And perhaps one can see slightly the USA Army thought the Japanese should be a feeble enemy as Indians, Apaches or Sioux. I think one of the main errors of the Americans was these, as the author practically tell us at beginning he didn't knew what to expect.
And every country in the World older tan the USA knows well what to expect from any war from centuries; these are the things the protagonist ignore at beginning: hate, horror, diseases and death, because nobody told him about all these. Sledge has to discover all that as a novelty. Japanese Army was a hard, intelligent and modern enemy imposing constant surveillance including prolonged lack of sleep, hunger, dirt and extreme mental and physical fatigue. Japan wasn't so powerful as the USA, but still so, I think was wrongly underestimated. American soldiers had all class of weaponry, but mentally it seems the Japanese were stronger. This fact was probably the cause of many errors and sufferance of the American Marines in a very hostile area owing not only to the enemy soldiers, but for the tropical scenario, diseases, dangerous fauna and extreme heath.
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on 26 April 2012
As a young man, Eugene Sledge joined the US Marines "to do his bit" in World War 2 and because of his choice of arm, he was sent to fight in the Pacific War against the mighty and tenacious Imperial Japanese Army. "With the Old Breed" describes his experiences in two of the nastier campaigns in that theatre, Pelelieu and Okinawa (and was one of the references for the HBO mini-series "The Pacific").

We are perhaps more used to hearing of the European war, in which the combatants treated each other (for the most part) with a good deal of respect, even chivalry. Admittedly the truth may differ somewhat and the non-combatants were dealt with with rather less regard, but we generally consider the European war to have been a "civilised war". There was nothing civilised about the Pacific war. Lives were thrown away on both sides for posession of tiny coral atolls with a reckless abandon that matches the waste of the Great War. It was fought with a savagery and hate that beggars belief and Sledge pulls no punches in describing the horror; witness the scene is where a fellow marine removes the gold teeth of an injured Japanese soldier. This is not a comfortable book to read.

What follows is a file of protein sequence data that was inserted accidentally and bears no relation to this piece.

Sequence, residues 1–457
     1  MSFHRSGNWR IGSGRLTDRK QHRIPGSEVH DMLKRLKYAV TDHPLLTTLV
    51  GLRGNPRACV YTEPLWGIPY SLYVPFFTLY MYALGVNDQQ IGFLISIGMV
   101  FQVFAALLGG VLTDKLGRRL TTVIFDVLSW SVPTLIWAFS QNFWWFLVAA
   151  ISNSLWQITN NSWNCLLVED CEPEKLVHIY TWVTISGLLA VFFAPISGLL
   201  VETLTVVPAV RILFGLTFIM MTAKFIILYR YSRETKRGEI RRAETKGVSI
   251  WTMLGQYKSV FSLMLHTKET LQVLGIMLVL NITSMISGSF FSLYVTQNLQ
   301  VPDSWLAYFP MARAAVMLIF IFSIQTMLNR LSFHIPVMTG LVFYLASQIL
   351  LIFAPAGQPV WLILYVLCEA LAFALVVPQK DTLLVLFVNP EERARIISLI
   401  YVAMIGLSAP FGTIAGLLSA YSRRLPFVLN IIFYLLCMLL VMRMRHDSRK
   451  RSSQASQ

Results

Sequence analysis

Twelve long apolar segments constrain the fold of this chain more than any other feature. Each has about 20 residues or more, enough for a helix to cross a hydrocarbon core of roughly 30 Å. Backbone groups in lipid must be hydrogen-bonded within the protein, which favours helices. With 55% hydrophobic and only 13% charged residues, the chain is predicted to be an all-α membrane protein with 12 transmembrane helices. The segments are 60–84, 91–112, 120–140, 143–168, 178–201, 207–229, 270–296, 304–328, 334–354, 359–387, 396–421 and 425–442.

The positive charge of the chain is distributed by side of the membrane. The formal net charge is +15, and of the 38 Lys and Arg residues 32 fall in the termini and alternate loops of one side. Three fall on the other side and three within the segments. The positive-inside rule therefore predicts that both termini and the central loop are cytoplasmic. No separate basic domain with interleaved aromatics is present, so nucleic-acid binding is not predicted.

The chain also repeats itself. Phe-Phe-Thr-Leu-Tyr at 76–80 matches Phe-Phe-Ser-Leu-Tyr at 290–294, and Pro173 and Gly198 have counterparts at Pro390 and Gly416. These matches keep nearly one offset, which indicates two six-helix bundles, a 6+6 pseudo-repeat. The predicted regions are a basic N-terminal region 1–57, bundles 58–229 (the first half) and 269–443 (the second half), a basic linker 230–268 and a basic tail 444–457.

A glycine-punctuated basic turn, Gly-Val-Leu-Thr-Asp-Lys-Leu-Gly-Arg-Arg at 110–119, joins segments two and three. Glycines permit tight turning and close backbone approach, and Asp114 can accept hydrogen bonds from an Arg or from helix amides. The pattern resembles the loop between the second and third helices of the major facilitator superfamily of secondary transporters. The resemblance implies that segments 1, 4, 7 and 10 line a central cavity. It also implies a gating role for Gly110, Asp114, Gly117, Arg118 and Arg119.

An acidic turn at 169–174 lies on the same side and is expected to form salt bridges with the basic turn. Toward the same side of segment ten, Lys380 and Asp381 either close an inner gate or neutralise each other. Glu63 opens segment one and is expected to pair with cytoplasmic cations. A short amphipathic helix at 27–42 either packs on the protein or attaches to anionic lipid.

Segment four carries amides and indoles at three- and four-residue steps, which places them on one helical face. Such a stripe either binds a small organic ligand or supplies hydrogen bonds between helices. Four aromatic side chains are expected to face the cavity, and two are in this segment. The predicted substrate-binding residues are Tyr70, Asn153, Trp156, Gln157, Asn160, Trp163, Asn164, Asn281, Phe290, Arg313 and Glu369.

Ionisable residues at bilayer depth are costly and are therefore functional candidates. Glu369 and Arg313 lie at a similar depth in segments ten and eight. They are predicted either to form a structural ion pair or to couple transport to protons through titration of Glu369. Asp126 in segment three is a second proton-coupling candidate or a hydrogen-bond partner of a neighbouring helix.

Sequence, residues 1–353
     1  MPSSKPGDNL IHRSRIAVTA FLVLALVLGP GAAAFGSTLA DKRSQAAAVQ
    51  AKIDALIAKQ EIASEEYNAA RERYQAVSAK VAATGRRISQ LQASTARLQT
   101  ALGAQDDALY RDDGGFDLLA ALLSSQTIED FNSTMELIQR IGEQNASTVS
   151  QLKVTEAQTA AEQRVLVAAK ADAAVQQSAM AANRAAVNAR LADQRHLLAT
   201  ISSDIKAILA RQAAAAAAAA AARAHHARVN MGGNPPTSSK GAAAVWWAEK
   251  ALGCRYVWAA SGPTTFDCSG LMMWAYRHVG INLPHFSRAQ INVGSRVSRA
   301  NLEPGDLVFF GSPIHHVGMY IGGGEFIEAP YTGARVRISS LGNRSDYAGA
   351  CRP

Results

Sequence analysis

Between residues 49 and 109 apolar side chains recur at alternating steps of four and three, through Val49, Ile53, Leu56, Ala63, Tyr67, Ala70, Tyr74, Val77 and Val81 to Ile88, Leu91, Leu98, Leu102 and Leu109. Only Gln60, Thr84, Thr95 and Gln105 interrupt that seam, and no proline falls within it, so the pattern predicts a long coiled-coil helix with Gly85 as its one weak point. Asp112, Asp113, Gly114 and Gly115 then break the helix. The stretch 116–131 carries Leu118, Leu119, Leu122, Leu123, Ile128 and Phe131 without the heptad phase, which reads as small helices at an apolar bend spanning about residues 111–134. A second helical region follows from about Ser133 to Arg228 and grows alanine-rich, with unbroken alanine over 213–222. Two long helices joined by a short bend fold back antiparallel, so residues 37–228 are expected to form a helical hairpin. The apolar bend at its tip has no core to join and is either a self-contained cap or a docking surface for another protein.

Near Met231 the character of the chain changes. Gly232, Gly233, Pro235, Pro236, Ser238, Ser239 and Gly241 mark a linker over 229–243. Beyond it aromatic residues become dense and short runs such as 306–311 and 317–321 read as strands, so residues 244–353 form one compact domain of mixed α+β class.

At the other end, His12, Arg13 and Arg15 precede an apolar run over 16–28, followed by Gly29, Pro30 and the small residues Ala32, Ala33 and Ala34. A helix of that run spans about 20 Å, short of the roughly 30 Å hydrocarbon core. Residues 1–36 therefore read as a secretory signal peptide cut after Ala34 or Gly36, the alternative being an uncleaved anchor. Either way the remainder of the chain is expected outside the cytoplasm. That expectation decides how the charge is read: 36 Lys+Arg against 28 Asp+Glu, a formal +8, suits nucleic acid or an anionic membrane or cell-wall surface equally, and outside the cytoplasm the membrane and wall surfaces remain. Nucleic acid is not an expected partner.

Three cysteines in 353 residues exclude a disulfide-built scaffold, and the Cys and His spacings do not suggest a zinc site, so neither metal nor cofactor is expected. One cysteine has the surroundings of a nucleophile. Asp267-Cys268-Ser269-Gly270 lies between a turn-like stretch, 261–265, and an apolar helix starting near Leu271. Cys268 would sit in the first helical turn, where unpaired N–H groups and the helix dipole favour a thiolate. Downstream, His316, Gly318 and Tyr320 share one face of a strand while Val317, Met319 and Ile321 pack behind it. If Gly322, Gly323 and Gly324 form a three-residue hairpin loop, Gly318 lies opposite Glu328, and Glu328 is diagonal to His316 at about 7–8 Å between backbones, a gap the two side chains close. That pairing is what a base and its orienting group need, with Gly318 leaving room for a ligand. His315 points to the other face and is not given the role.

Neither is this a military history. There are notes at the end of each chapter that add a little context, but Sledge wrote the account from the point of view of a private soldier, working from a battle diary that he kept in his pocket bible. He had little or no idea of the big picture and in most cases he had no idea of what was going on, full stop. His perspective comes from over the sights of his carbine; all he can see is the wall of his dugout, the bodies of friends and foe scattered around him. All he can hear is the rattle of rifle fire, the screech and crash of artillery and the screams of the dying. Sledge fully understood his position in all of this - as cannon fodder and no more - but he also understood the horror and waste of what was happening around him and he conveys the brutality and futility very well indeed.

Reading some of the other reviews, however, you will see him described as a great writer, even to the extent that he is compared with Robert Graves. I have not read Graves but I am certainly not convinced that "With the Old Breed" counts as great writing. I don't want to dwell on the point, but the prose is awkward, unpolished, even clumsy in places. It was clearly not written by a professional, or even particularly experienced writer. Does this detract from the story? No, not at all* (or at least, not much), but unfulfilled expectations of literature do detract. However, these shortcomings do lend the story a certain honesty that you won't find in Dispatches (a book that I have come to detest for its smug self-importance), a naiivety that you wont find in All Quiet on the Western Front and it is, perhaps, better for it.

Despite this lack of eloquence, Sledge successfully conveys the filth and stench of a tropical combat zone and the fear and fatigue of a battle where it was understood by all that the victor was (almost literally) the last man left alive. This is an eye-opening, gut-churning and deeply humbling account and it is well worth a read.

* Perhaps, when we remember wars, we should take off our clothes and paint ourselves blue and go on all fours all day long and grunt like pigs. That would surely be more appropriate than noble oratory... Kurt Vonnegut

The review title is from Frank Herbert's Dune series
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Eugene Sledge's book of his personal experiences as an enlisted man in the US Marine Corps during WW2 is one of the most honest, visceral accounts of close-up infantry combat ever written. Sledge’s style is not that of a practiced professional writer but is simple, straightforward and direct, and this endows the book with its unusual power.